Safety Incident Topic: Fall From Height
Location of Incident: Construction Site, Taichang China
Date of Incident: 27 January, 2007
Brief Account of Incident
A contract worker fell from a permanent work deck located 6m above the ground. The investigation revealed that on the morning of the incident, a wooden temporary platform was constructed and then positioned 1.2m./4 ft. (horizontally) from the edge of the steel permanent deck and 1m./3.3ft.(vertically) above it. The worker was standing on the wooden temporary platform in order to grind on an over head pipe. While repositioning himself, he stepped off the wooden temporary platform. The 1m fall caused the worker to lose his balance. When he landed on the steel permanent work deck, he rolled toward the edge, fell through an incomplete guardrail (top rail only), and landed on the concrete floor below. Immediately following the incident, the worker was taken to the hospital and released to work without restrictions. The extent of his injuries was a bruised torso.
- Lack of knowledge of hazards present- Unprotected height
- Inadequate guards of protective measures
1. Inadequate identification of critical safe behaviour
Following the installation of the guard rail (top rail only) around the blend deck, the on-site contractor and BP personnel did not recognize the requirements for fall protection when a guardrail is missing a mid-rail and toe board. Once enhanced procedures are communicated to site personnel, extensive HSSE auditing would help to identify unsafe conditions or actions.
2. Inadequate identification of work hazards
During the Jan. 27th daily pre-job tool box safety meeting, the pipe work on the steel permanent work deck was not recognized as “working at heights”. Contract supervisors and workers did not identify the increased risk of falling from the temporary work platform and its close proximity to the unprotected edge. They did not understand or recognize that approved fall protection is required when working on an elevated platform with guardrails that are missing mid-rails and toe boards.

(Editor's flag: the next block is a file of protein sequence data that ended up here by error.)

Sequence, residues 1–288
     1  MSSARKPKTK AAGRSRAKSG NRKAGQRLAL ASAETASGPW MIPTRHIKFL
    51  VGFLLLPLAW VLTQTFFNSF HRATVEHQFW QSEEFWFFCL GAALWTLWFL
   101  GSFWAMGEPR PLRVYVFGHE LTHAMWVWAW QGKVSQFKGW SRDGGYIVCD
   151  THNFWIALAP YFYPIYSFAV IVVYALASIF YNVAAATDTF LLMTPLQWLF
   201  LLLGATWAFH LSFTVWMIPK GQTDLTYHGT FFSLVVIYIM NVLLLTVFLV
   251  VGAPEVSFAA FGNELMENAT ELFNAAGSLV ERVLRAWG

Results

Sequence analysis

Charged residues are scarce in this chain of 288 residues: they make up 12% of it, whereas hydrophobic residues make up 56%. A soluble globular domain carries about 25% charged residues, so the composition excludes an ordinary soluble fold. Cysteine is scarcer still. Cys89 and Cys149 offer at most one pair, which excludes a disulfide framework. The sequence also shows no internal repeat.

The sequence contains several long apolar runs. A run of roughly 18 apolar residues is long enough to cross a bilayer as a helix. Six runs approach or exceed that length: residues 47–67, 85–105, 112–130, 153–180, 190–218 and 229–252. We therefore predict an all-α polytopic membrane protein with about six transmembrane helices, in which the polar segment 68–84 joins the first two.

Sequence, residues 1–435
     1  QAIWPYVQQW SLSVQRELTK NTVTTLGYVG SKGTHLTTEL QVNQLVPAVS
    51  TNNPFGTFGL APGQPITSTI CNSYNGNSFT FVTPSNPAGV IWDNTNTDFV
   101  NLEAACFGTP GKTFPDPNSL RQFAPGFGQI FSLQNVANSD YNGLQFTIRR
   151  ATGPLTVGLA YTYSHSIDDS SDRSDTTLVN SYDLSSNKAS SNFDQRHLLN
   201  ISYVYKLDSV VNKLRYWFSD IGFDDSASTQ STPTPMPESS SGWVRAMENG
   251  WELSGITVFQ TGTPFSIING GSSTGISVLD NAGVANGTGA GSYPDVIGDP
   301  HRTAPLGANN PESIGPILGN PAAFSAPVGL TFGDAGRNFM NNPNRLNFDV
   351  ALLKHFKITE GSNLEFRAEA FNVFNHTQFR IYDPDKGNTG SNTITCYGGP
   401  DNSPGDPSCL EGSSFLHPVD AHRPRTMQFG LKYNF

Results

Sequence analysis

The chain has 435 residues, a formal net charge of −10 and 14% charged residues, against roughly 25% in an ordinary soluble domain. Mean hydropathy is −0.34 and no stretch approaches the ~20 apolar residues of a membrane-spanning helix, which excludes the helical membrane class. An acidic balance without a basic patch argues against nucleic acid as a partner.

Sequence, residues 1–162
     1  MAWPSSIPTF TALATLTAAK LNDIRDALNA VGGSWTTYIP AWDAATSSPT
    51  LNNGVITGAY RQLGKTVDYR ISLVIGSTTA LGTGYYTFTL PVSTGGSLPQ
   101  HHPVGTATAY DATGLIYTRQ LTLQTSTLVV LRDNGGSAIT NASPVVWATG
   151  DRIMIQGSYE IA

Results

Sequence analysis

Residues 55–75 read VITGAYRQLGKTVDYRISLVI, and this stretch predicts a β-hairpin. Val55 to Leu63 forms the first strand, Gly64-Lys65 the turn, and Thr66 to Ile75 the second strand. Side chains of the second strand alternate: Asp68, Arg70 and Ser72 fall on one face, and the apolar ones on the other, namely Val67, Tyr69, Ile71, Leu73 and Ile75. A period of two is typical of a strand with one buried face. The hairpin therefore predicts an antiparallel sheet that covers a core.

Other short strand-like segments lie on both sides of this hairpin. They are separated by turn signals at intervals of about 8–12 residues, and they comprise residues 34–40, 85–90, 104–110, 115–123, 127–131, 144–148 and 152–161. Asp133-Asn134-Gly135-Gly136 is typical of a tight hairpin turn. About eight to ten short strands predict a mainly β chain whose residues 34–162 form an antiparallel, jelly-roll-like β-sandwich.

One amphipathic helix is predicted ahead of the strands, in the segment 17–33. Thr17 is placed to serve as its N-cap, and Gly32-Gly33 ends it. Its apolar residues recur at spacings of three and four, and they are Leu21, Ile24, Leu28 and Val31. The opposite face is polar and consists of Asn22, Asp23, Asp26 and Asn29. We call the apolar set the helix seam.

3. Inadequate work planning
For more than two weeks prior to the installation of mid-rails and toe boards on the guardrails, extensive construction activity was allowed to be performed on the steel permanent work deck without approved fall protection.
4. Inadequate implementation of 'Policies, Standard and Procedure'
Standards for Working at Heights were in place but the applicability when working on a flat permanent work deck with an incomplete guardrail had not been addressed. Prior to the incident, the standard had been misapplied due to inadequate detail and implementation.
1- Revise/update written site safety procedures to enhance requirements for work on elevated walking and working surfaces. Procedures should include a requirement for guardrails to be constructed in full (top rail, middle rail, andtoe boards) at the time of initial installation. Communicate revisions to all site personnel.
2- Contractor and BP site personnel should attend additional formal instruction on Risk Assessments and Hazard Identification. The training will include the recognition of potential interactions of simultaneous activities.
3- Contract and BP site personnel should implement an enhanced HSSE audit process including HSSE audit checklists.
4- BP site construction coordinators should attend contractor planning meetings and ensure that work activities are strategically aligned with HSSE requirements.
5- BP site personnel should audit contactors to ensure that documented risk assessments for non-routine and routine permitted work activities are being completed and adequate for the work being performed.6- Communicate the following to all BP and contractor personnel on site. “Everyone must take personal accountability for themselves and for others. Any work viewed as being unsafe must be stopped.”
What Went Well
A Permit to Work for the welding operations and the Daily Risk Assessments had been completed and signed by all contractor employees involved in the task. HSSE Training records for the contract employee were complete and readily available for review.
1. Training on Hazard Identification, considering the interactions of location and tasks, needs to be further enhanced.
2. Personal accountability of others to stop work that they viewed as unsafe is critical to safe operations.